Last updated on August 24th, 2013 at 11:34 am
I’ve been having room envy after seeing so many beautiful home remodels and makeovers lately!
I don’t have time for a big room makeover right now, but I’m pretty sure I can take on a chair make-over. I love this guest post by Allie from Screwed Up Texan. She’s inspired me! Maybe her project will inspire you to do a mini makeover on something in your home as well. -Amy
How to Reupholster a Chair – A Step-by-Step Tutorial
My husband and I are real penny pinchers. My case in point is it took us four years to find dining room chairs that were at the right price for us and our three small children, seeing as our three boys tend to destroy everything we bring into our home.
After four years of checking out thrift shops and Craigslist (both were too expensive for us) I happened upon four very outdated chairs at a garage sale. The price? $5 for all four chairs (that’s less than $1 a chair folks). The only reason I can guess to as why the chairs were at such a rock bottom price is well, they were quite frankly ugly.
I knew I had to update their look if I was ever going to really enjoy them.
But wait! I have never reupholstered anything in my life before and I stink at using sewing machines, so how was I going to change the fabric on my otherwise great and sturdy chairs? Easy friends, easy peasy. The whole process took me and my husband about an hour and if we can do this, y’all can too.
Here’s what you’re going to need:
- Enough fabric to recover chairs (take measurements and then ask fabric store salesperson how much material you need. I paid $5 a yard for upholstery material at Hancock Fabrics, and needed 2 1/2 yards).
- Heavy duty staple gun with lots of staples.
- Hammer or rubber mallet
- Sharp scissors
- Screwdriver or drill
- Wood plugs if chair has them (see steps 12-15)
- You may need foam batting if your chair’s foam is ripped (ours was not)
Here’s our chair before, with really ugly material that reminds me of my grandma’s couch:
The first step you need to do is remove your seats with a screwdriver or drill, and then lay them on your new fabric (step 1).
Then cut around each seat using sharp scissors and leaving plenty of fabric around the edges to cover foam and secure to back of seat which is around four inches on each side (step 2).
Now lay your seat and a fabric square you just cut on a working surface, making sure the correct side of the fabric is facing down so it shows properly in the end. Pull on edge over to the bottom of the seat and fold the edge under so no unfinished edge is showing (step 3).
Staple in center (step 4).
Continue stapling, making sure to keep fabric taught, but not too tight almost all the way to the edges. You want to stay about 1 1/2 to 2 inches from the edge of the bottom of the seat (step 5).
Repeat step 5 on all four sides (step 6). Pull corner material up like so and then cut off most of excess, leaving two to three inches of material (steps 7 and 7a)–do not cut off too much material!
There is no real science to the next step, which is tucking the corners and stapling them so they lay flat with no wrinkles or folds showing from the side you’ll be sitting on.
We tried three different ways and I think the best way was simply tucking the corners in on themselves and stapling the material so it didn’t move (step 8). Steps 9 and 10 show the finished reupholstered seat.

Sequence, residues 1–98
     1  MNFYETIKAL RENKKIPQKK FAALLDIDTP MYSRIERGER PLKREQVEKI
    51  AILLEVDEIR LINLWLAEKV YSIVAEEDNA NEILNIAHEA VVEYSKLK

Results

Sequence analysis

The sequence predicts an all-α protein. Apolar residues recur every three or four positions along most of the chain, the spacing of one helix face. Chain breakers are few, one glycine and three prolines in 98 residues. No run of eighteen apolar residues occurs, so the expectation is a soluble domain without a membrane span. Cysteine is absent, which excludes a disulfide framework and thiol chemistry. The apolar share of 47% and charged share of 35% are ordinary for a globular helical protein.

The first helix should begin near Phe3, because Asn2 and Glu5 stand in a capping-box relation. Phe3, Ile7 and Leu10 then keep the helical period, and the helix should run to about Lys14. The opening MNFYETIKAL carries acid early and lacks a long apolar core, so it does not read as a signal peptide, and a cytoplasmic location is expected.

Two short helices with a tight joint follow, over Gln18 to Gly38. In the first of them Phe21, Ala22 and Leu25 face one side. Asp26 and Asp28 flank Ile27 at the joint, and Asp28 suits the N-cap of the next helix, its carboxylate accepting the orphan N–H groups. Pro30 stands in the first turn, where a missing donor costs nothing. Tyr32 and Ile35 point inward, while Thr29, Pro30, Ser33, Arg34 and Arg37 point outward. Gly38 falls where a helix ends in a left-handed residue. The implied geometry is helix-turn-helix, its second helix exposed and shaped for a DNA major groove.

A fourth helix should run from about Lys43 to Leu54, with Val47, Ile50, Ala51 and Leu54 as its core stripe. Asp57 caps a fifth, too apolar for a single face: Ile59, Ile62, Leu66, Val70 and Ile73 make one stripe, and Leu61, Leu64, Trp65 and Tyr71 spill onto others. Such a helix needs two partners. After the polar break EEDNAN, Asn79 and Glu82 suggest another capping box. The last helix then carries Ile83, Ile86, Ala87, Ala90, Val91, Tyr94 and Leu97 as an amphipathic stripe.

Attach the seat and you’re finished! Well, unless you also have a back rest to do…
In which case you’re going to need to remove the back rest by removing the screws that hold it in place. Some chairs, like ours, have little wooden plugs that will need to be removed before removing the screws.
The wooden plugs are there to hide the unfinished screw ends. You’re going to break the wooden plugs when you remove them, so be prepared to purchase more at a home improvement store (we paid around $2 for 45 wooden plugs, way more than we needed).
My husband devised a great way for removing the old wooden plugs as shown in steps 12-15.
Step 16 shows the removed back rest which is now ready to be reupholstered.
Cut your material as in steps 1 and 2. The next step is very important–study the back rest and see how it is currently upholstered. Where are the staples or finished edge and how were the sides tucked in? Is there a top and bottom? Which side does the human back rest on? Once you have the answers to these questions you are ready to move on.
On ours, the bottom of the back rest is the side that is stapled. Start here and begin stapling, again holding the material taught, but not too tight (steps 17 and 18). Cut the excess material off the edges and wrap and secure–with the staples–like a present (step 19).
Step 20 shows you how neatly stapled your back rest should be. Notice no wrinkles or folds.
Now attach the back rest to the chair with screws and then replace with new wooden plugs if necessary (steps 21-22), and stain if desired.
That’s it! You are finished!
If you want to go an extra step or two, you can stain or repaint the frame of your chair, add decorative finishing nails, or even take off the old fabric before you start this project if you’re not half-way lazy like me.
I love my “new” chairs!
Allie blogs at Screwed Up Texan, where you’ll find lots to keep your curiosity peaked. From easy, down-home, and frugal recipes to humorous real life stories on parenting, trips to the Walmart, and her husband’s Mother Trucker (yes, she is a trucker) there’s plenty to keep you entertained! Visit Allie on Facebook and Twitter.